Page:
• Rodney,

    I completely agree. Just because you *can* doesn’t mean you *should*. I have a friend that uses as his email tag line – “Freedom is not the right to do as you please, but the liberty to do as you ought.” It’s a little spartan, but in the right direction anyway.

  • Peter Heath

    I believe that CAD has also led to the creation of “modelers” who understand how to create CAD data, but have little to no understanding of Design or Engineering. From the comments above, the schools are turning out the modelers. Since this modeling is usually based on some existing information, this is the type of job that will be able to be outsourced. See the recent $49 remastering offer that has been out. CAD is a tool and in itself does not teach anything about design or engineering – just like Word does not teach you about writing.
    Also, the current modelers tend to capture a linear thought process, not the creative process or the real design decisions that went into a product design. With the complexity and cost to develop CAD software, it will be difficult to take the next leap and create a CAD tool that really supports the design process and not just an editable model.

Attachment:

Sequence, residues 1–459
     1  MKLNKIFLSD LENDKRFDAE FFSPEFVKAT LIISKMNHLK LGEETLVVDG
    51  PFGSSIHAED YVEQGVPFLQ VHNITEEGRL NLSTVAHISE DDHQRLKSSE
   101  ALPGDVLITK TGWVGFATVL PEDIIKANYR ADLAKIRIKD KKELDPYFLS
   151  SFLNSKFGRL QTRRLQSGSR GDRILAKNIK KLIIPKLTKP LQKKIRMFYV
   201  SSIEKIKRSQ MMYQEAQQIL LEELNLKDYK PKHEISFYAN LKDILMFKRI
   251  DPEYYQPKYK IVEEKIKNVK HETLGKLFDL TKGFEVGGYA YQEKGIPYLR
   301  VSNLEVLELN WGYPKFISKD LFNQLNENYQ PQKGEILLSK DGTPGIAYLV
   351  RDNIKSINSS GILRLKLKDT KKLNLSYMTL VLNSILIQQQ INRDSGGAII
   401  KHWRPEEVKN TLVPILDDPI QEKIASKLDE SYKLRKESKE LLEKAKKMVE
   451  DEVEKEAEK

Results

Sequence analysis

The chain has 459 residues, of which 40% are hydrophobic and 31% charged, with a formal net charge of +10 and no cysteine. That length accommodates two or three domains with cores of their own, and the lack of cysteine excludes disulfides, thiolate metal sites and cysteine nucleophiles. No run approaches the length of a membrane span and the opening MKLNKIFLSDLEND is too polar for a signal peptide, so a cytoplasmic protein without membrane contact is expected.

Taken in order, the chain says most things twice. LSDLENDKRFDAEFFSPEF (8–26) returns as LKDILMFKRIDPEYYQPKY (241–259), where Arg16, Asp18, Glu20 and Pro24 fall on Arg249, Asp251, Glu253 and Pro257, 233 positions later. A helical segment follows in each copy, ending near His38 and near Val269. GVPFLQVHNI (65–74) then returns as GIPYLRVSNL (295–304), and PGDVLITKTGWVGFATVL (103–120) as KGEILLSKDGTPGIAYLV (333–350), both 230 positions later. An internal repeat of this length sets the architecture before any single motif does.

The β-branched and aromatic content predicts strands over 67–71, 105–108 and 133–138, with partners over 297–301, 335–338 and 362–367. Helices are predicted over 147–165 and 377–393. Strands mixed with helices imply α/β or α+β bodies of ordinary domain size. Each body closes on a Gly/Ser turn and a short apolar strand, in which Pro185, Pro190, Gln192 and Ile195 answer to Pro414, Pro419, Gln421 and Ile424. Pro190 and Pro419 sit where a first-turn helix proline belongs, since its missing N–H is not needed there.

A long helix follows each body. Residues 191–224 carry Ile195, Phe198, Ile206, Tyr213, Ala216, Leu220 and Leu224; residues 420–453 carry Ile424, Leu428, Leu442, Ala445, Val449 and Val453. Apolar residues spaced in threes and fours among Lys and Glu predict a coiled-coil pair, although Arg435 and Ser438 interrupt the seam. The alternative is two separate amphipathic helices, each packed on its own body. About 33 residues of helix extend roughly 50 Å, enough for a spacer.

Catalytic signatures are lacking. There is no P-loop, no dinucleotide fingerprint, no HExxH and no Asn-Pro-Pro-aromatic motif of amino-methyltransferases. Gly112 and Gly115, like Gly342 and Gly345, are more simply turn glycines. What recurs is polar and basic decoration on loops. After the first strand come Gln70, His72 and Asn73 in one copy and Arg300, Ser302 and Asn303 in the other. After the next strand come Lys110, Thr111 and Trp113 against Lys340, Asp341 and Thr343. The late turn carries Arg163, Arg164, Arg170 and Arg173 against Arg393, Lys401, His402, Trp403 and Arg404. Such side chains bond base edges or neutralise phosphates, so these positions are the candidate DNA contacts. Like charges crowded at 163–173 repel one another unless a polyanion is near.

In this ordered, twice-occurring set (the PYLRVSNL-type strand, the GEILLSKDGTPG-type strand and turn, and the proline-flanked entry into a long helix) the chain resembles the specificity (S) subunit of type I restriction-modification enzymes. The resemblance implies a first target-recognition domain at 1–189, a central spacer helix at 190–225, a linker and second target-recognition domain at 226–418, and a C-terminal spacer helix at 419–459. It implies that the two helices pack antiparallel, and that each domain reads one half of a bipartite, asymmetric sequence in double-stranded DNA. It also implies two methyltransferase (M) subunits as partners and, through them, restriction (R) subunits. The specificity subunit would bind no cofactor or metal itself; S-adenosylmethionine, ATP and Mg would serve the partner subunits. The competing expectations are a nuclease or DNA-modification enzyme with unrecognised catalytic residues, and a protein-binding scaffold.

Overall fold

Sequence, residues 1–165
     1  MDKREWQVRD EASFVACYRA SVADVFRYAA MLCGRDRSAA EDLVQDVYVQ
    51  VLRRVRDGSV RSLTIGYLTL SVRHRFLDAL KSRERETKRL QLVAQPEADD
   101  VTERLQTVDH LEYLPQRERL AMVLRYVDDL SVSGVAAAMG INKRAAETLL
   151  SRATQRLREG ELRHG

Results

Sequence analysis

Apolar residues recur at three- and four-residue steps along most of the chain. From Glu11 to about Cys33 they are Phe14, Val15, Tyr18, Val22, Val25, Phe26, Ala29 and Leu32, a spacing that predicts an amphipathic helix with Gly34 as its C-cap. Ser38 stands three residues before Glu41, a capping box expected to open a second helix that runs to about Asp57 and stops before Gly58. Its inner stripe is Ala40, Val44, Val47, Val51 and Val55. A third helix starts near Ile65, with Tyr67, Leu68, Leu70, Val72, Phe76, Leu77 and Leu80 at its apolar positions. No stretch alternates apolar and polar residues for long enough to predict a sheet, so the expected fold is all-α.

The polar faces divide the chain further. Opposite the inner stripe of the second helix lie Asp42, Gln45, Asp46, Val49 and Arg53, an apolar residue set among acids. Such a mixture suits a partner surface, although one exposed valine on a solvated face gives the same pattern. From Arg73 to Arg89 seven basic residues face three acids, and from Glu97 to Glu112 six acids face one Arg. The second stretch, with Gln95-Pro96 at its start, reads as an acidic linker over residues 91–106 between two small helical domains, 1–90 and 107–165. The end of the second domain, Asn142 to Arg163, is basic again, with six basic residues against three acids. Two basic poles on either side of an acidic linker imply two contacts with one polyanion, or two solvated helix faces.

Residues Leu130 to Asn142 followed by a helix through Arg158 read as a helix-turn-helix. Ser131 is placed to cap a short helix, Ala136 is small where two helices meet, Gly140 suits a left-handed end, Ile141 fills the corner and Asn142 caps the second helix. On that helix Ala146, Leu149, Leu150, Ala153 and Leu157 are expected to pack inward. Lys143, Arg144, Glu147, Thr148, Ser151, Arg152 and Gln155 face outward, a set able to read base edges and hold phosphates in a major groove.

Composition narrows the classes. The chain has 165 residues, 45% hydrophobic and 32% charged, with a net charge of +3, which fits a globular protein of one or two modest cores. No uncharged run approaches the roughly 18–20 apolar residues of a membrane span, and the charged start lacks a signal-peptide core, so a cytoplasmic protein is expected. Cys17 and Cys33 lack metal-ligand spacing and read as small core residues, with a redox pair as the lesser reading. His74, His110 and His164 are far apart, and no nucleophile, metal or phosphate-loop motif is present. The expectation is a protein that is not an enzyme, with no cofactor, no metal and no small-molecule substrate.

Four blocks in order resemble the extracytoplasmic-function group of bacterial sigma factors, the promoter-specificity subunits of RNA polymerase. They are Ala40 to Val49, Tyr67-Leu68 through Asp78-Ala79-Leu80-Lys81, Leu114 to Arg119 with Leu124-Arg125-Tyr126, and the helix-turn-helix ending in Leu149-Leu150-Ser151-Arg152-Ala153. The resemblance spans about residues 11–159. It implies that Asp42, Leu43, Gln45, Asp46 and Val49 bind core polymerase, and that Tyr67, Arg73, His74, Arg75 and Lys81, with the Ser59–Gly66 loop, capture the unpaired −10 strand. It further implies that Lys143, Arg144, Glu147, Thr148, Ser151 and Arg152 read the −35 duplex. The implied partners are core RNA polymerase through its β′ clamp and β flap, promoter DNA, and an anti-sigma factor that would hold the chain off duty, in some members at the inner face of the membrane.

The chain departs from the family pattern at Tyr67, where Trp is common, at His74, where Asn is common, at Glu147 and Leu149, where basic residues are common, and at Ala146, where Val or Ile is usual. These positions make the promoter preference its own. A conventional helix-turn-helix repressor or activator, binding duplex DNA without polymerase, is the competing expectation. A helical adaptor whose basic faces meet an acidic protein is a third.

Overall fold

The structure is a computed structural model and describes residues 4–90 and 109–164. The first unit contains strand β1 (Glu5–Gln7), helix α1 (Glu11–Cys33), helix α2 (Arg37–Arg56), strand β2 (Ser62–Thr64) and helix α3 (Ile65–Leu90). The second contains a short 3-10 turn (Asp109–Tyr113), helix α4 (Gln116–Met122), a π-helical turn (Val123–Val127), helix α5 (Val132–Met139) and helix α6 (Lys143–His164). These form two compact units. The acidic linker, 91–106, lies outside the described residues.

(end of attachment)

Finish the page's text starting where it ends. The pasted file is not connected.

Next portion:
By the way, have you ever tried to edit a model in any system built by someone else? It’s worse than changing a program written by another person. At least with software you can refactor, that is very difficult with CAD models.
    We’ll save the translation of those models for another day…

  • A course, any college, community college, or even at-home-course should well prep and teach a person who takes up autoCAD drafting, much of everything from its basics to the actual design aspect, otherwise as a potential new employee that the student wants to become, it’d be highly disconcerting to find out one is not appropriately, or accurately prepared for a job in the industry. I guess there are exceptions with those who are hired just because they know the design aspect of it, thats it. I’m interested in taking a course, so now being aware, i wanna make sure that i’m well-schooled in it. Anyone interested in taking up drafting/design, do your research well before you start, you don’t wanna find out later you don’t much know nor understand other, perhaps crucial elements of the job.

  • To operate a CAD is simple. But if someone doesn’t know what he is doing about it, he would be in big trouble. The concept behind it should matter.